Earlier this month, the world found out that it looked like Google took a page right out of the 1984 playbook when it was discovered the company hid a microphone inside its Nest Guard home security system and didn’t tell anyone about it. People only found out about the existence of the hidden mic when Google casually revealed that a software update to Nest Guard would bring Google Assistant, the company’s virtual assistant, to the product.
After the revelations about the hidden mic came to light, Google quickly apologized for not disclosing its existence earlier and said the microphone had not been used “up to this point.” But Google’s apology hasn’t done much to quell the concern from lawmakers.
As the BBC reports, now three senators–Roger Wicker, chair of the Committee on Commerce, Science, and Transportation; John Thune, chair of the Subcommittee on Technology, Innovation, and the Internet; and Jerry Moran, chair of the Subcommittee on Manufacturing, Trade, and Consumer Protection–want answers about when and how Google became aware that it had not informed customers about Nest Guard’s hidden mic.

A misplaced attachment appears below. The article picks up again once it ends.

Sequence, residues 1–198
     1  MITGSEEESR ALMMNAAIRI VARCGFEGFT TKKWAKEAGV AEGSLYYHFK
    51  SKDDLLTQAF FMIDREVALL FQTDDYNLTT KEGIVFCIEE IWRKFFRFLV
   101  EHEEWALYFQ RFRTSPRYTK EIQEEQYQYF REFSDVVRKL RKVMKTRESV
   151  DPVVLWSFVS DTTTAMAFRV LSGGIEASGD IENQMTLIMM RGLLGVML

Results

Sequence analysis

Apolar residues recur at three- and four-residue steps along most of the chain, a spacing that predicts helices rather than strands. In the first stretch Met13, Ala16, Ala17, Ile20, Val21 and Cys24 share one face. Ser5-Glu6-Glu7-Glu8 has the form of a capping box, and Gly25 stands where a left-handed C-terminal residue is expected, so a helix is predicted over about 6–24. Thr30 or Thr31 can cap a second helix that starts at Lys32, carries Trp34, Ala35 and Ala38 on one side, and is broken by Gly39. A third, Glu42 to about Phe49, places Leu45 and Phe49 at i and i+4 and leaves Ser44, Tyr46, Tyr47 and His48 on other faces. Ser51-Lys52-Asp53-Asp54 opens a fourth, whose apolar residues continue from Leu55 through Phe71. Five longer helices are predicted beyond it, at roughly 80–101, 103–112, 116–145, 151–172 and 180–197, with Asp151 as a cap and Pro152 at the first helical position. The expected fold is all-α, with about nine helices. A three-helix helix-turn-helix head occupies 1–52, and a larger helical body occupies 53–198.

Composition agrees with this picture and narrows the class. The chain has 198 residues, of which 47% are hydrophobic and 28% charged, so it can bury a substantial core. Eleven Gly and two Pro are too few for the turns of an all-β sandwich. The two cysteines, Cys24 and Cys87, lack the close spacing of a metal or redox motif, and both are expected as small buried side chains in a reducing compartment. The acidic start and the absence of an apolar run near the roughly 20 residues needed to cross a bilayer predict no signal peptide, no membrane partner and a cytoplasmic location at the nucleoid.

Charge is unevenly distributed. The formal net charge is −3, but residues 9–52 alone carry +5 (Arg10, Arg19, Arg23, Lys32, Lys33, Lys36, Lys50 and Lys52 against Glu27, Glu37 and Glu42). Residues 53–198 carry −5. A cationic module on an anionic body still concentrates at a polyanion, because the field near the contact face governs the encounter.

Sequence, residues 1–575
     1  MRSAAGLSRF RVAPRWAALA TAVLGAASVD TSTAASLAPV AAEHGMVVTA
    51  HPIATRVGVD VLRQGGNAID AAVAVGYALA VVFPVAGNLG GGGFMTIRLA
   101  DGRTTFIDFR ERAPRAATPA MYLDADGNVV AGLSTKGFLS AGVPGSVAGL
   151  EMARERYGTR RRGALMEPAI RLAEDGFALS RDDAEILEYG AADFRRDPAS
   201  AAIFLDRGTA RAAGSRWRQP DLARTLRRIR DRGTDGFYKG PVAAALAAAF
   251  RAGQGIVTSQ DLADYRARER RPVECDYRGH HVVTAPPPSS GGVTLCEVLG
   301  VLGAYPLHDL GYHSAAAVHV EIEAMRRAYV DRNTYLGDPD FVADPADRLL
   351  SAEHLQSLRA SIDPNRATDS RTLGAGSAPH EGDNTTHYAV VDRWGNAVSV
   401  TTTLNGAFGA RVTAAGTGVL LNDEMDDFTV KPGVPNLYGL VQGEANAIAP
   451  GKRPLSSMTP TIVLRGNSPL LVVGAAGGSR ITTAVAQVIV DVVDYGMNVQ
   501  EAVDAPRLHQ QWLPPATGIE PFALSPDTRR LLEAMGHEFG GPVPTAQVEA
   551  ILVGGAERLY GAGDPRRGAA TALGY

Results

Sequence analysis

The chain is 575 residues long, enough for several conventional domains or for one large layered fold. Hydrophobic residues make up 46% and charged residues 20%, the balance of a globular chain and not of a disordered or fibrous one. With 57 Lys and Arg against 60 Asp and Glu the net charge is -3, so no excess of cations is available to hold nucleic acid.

The trio wrote a letter asking Google’s CEO, Sundar Pichai, to clarify the situation. In the letter, the senators write:
“In recent years, consumers have become increasingly concerned about the ability of large technology companies to collect and use personal data about them without their knowledge.
“Therefore, it is critically important that companies like Google be completely transparent with consumers, and provide full disclosure of all technical specifications of their products at the point of sale.”
The senators also noted that Google’s failure to disclose the microphone to users “raises serious questions about its commitment to consumer transparency and disclosure.” They have requested a written response from Google by March 12.